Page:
Aesthetics and the Strength Athlete

The Aesthetic Lens for the Strength Athlete
By Julia Ladewski

Have you ever looked in the mirror and thought, “Man, my shoulders/arms/chest/legs could use a little size”?  Have you ever taken a long, hard look at your programming and wondered why your bench/overhead press/squat/deadlift have stalled?  As athletes of the strength game I think we’ve all done that.  Sometimes we take a stab in the dark as to how to fix it and sometimes we have a legitimate plan. It’s easy to look through the strength lens to fix the aesthetic problems, (e.g. my bench is weak, so if I build that up, my chest will get bigger) but have you ever looked through your aesthetic lens to fix your strength problems (e.g. my quads are small, so if I bring those up, it will help my squat)?
This basic concept came to me recently.  Last May and June I competed in a figure show and two physique shows.  Considering I only had three months to prep and diet I fared well,  but also learned some very important lessons in the process.  As I look back on my pictures I can see two distinct areas that were lagging behind – my shoulders and my quads.  “If I ever do another show,” I thought, “I’m definitely going to need to bring those areas up.”  As I slowly transitioned out of bodybuilding training back to powerlifting I realized that my raw squat wasn’t where it should be, and my bench press had stalled.  I put 2 and 2 together and realized my aesthetic weaknesses were also my strength weaknesses.  I can distinctly remember thinking,“If I can bring up my shoulders and quads now, I bet my lifts will improve as well.”  I’m sure this concept is not new, but I think my revelation is one that can help a lot of strength athletes who have never considered it.  Consider the young man with no lats.  I bet his bench suffers, particularly off the chest.
How about the middle aged mom with poor posture and no upper back? I bet she has trouble keeping position in the squat.  The meathead dude with no glutes?  Can’t lock out a deadlift.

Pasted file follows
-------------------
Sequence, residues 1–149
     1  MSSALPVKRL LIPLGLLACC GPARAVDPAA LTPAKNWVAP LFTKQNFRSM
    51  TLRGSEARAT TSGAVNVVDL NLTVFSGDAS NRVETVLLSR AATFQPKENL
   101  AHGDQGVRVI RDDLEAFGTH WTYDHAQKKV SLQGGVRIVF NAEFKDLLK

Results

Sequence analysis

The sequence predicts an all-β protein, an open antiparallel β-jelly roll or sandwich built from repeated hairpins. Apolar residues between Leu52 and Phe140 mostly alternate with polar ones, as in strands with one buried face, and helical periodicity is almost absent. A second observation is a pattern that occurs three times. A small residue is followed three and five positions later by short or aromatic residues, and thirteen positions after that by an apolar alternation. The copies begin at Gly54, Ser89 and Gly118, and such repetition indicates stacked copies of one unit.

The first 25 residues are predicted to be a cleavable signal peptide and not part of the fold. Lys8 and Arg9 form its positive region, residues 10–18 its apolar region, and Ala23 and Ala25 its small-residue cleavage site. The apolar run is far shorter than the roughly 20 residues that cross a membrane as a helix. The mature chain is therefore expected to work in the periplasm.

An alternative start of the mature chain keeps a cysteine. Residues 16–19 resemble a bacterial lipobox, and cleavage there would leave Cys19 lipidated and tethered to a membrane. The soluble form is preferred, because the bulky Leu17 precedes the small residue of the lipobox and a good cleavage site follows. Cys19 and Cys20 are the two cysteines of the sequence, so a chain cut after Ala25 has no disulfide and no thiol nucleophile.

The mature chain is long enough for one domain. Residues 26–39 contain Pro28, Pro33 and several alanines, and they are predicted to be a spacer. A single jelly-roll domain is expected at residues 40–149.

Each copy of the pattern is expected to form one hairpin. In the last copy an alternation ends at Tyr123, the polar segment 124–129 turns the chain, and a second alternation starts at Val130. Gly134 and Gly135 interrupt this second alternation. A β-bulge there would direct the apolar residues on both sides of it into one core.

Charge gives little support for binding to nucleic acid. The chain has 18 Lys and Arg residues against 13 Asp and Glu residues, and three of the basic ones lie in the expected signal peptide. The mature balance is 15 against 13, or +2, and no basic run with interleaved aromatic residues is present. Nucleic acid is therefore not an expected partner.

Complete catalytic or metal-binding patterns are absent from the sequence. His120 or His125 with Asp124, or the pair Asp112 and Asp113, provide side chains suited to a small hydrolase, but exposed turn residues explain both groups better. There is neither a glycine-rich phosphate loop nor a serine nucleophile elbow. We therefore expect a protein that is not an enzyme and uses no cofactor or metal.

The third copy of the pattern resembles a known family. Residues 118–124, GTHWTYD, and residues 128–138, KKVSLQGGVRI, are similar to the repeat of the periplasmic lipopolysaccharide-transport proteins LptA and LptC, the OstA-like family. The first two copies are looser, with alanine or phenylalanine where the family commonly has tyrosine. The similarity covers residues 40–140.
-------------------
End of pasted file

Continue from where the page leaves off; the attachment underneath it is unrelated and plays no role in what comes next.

Matt Mendenhall didn’t have any aesthetic weaknesses

Needless to say, I decided to address my weaknesses.  My normal powerlifting template was a 4 day a week plan that followed a conjugate style of training. I had 2 lower body sessions and 2 upper body sessions. I had to find a way to add my shoulder and quad specialization to what I was already doing. What follows is how I incorporated more quad and shoulder volume into my training and how it has helped my geared powerlifting as well.

Lower Body Max Effort Days:
After completing my max effort squat or deadlift for the day I performed one of the following for 2-4 sets of 6-12 reps:
•    Front Squat (shoulder width stance)
•    SS Yoke Bar Squats (shoulder width stance)
•    Manta Ray Squats (shoulder width stance)
•    Leg Press (shoulder width stance)

Upper Body Dynamic Days:
After completing my speed bench, I performed one of the following:
•    Floor Press
•    Incline
•    Benching with a Catapult/slingshot
•    Dumbbell press

While those movements definitely added volume to my bench, I decided to move my shoulder work to the day after my upper body dynamic day. This allowed me to do a little more volume than I would if I kept it on bench day.

Extra Shoulder Day:
This day had an overhead press exercise followed by accessory shoulder work done Mountain Dog style.
•    Overhead press
•    Swiss Bar overhead press (varying grips)
•    Dumbbell overhead press
•    Arnold press
•    Side Laterals (reps, slow eccentrics, chains, etc)
•    Partial Side Laterals, heavy

After a few months of consistently doing the above I noticed that not only had my raw strength increased, my shirted bench and geared squat were on the rise as well.  In March of 2013 I squatted 413 in full gear, and in November (after focusing on my weakness) I squatted 375 in just briefs.  At the same meet in March I shirt benched 275.  Just a few weeks ago I doubled 260 (which will be my opener in March), and hit 280 for an easy single.

Try this approach yourself.  Take a long hard look at your aesthetic weaknesses and see what you can take away from it to help your strength gains. Devise a plan and be consistent with it.  Your results will soar to new heights.

This entry was posted in Uncategorized. Bookmark the permalink.

2 Responses to Aesthetics and the Strength Athlete

  1. Pingback: andrew

  2. Pingback: claude

Leave a Reply

Your email address will not be published. Required fields are marked *


You may use these HTML tags and attributes: <a href="" title=""> <abbr title=""> <acronym title=""> <b> <blockquote cite=""> <cite> <code> <del datetime=""> <em> <i> <q cite=""> <strike> <strong>